Harm reduction encompasses interventions, programmes and policies that seek to reduce the health, social and economic harms of drug use to individuals, communities and societies. A core principle of harm reduction is the development of pragmatic responses to dealing with drug use through a hierarchy of intervention goals that place primary emphasis on reducing the health-related harms of continued drug use.
Health and social responses to drug problems: a European guide provides an overview of actions or interventions undertaken to address the negative consequences associated with the illicit drug phenomenon. It acts as a gateway to a wide range of online resources, including links to evidence and tools.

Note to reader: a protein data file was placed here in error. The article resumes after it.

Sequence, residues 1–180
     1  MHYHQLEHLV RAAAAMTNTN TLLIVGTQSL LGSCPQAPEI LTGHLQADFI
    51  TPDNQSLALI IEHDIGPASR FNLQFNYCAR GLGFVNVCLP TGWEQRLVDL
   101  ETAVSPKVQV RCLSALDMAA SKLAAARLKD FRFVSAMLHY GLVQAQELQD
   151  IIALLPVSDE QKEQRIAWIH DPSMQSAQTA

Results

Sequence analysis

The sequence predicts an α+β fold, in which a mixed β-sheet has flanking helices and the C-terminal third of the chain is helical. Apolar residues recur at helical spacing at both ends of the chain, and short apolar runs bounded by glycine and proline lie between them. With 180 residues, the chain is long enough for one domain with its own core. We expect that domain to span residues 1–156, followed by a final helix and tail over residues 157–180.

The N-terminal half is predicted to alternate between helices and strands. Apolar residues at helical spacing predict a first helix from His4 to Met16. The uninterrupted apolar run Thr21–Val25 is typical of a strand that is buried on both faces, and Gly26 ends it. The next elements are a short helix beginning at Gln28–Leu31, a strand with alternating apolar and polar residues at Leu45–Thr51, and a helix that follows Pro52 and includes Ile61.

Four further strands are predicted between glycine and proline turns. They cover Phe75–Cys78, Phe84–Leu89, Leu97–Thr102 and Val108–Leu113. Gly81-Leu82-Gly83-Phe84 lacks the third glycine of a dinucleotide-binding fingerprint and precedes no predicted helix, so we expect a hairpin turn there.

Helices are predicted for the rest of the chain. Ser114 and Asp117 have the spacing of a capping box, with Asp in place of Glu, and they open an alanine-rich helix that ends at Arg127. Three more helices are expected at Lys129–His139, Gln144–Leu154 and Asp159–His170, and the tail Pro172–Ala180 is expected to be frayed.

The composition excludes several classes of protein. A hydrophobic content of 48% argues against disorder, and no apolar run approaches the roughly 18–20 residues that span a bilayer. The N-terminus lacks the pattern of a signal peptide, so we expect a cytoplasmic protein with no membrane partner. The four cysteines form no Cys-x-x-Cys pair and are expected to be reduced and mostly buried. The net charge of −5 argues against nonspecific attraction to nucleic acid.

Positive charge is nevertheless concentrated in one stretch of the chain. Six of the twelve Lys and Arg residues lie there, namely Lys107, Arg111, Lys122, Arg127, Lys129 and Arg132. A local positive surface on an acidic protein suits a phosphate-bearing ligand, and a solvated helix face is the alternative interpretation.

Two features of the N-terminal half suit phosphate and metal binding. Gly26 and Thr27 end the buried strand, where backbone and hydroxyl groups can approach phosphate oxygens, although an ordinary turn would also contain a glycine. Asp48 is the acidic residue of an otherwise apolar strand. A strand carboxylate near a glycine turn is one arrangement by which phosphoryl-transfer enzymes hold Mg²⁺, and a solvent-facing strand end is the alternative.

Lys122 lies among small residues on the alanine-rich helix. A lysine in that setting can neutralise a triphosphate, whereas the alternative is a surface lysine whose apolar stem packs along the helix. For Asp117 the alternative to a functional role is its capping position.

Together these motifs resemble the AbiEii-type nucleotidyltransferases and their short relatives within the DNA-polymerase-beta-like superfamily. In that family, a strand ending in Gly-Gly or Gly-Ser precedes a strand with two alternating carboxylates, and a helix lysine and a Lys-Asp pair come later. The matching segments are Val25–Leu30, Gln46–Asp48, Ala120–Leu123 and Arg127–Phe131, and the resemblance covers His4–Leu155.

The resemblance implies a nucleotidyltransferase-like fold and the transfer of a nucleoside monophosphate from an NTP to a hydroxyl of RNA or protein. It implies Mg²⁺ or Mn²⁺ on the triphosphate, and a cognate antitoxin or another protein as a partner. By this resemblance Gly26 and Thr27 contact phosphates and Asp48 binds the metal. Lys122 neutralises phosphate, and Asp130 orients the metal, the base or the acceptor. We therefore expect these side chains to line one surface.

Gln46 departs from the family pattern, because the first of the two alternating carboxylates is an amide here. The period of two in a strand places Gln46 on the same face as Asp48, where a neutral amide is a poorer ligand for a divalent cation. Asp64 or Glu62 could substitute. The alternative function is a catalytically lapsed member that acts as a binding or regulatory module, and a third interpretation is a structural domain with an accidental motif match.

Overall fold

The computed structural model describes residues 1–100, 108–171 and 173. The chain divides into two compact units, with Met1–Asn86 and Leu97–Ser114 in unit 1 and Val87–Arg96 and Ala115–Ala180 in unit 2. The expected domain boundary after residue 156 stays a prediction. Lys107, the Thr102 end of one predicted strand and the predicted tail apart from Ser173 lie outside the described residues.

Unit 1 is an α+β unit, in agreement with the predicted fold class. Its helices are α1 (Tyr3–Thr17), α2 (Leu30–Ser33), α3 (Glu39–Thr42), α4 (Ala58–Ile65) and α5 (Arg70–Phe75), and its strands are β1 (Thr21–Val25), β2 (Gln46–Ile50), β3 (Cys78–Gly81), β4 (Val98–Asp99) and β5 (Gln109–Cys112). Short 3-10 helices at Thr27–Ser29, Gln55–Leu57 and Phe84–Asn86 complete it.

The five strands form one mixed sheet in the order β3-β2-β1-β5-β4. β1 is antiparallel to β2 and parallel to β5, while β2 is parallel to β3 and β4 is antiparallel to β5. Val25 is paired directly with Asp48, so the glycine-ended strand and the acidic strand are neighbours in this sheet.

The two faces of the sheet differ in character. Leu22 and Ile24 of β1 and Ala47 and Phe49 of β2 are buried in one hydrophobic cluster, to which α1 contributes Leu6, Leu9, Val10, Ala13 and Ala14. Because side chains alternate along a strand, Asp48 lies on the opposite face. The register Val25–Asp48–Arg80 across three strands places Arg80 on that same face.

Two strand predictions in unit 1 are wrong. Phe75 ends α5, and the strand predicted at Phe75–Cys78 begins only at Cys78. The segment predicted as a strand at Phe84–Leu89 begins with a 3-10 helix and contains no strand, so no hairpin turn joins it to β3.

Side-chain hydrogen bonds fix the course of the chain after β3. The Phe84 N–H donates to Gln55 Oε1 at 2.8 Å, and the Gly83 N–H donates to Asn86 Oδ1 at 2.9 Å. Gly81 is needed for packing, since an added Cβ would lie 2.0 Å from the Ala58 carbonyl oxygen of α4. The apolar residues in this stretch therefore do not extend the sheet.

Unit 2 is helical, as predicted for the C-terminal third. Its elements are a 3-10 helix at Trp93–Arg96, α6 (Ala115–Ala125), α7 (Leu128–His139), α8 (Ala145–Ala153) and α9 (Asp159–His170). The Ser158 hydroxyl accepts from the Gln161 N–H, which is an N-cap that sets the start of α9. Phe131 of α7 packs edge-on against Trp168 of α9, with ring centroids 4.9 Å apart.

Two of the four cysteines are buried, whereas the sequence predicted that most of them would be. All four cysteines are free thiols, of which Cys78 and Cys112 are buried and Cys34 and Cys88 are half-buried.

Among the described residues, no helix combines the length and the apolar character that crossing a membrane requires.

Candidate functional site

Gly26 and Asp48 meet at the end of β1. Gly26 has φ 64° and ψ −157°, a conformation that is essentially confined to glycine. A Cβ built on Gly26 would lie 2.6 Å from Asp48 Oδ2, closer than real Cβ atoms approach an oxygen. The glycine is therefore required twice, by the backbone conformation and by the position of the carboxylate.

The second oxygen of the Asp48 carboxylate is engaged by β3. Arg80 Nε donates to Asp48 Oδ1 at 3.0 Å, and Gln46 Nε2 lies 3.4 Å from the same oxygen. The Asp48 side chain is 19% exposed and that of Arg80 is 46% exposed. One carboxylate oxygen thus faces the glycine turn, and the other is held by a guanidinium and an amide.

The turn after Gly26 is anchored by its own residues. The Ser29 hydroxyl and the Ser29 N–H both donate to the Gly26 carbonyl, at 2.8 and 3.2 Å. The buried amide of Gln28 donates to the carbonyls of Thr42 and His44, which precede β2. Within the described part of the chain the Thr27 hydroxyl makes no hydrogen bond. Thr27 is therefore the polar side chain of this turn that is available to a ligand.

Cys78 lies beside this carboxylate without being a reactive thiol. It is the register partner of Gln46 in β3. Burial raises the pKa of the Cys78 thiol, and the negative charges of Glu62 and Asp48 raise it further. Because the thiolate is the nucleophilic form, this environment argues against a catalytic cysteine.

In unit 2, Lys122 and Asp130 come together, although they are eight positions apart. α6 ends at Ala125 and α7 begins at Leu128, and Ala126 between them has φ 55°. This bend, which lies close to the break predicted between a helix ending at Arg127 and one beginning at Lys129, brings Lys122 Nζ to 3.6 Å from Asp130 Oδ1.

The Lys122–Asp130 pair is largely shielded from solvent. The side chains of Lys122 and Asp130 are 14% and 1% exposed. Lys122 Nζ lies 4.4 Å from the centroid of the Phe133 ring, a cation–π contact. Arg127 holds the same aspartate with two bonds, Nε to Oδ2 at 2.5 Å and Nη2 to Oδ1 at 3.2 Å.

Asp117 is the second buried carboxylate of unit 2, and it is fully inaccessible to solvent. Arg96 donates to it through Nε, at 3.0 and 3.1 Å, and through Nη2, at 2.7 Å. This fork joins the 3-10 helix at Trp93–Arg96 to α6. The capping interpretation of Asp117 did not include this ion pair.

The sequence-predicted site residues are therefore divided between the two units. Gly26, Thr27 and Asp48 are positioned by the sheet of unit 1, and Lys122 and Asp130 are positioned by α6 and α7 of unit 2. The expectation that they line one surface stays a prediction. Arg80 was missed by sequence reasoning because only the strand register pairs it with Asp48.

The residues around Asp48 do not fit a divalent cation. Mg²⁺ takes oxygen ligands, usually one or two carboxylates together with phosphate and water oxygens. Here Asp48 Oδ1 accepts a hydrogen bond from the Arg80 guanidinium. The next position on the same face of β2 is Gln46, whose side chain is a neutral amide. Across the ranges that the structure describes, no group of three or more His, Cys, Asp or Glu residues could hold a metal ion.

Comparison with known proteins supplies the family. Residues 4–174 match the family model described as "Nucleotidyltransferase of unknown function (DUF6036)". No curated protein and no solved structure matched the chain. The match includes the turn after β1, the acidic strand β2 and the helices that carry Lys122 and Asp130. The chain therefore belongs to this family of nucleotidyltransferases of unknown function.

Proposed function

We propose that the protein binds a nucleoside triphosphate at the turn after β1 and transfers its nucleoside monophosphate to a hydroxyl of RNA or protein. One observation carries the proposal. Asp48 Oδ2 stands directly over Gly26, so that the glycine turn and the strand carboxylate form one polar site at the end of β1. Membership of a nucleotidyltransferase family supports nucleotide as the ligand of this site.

European countries seek to reduce the harms related to drug use through the provision of needle and syringe programmes — aimed at preventing the spread of infectious diseases — and opioid substitution treatment — aimed at reducing harms associated with the use of illicit opioids such as heroin. Other harm reduction interventions, such as take-home naloxone and drug consumption rooms, are available in a smaller number of countries.
Items found in our library of drug and addiction resources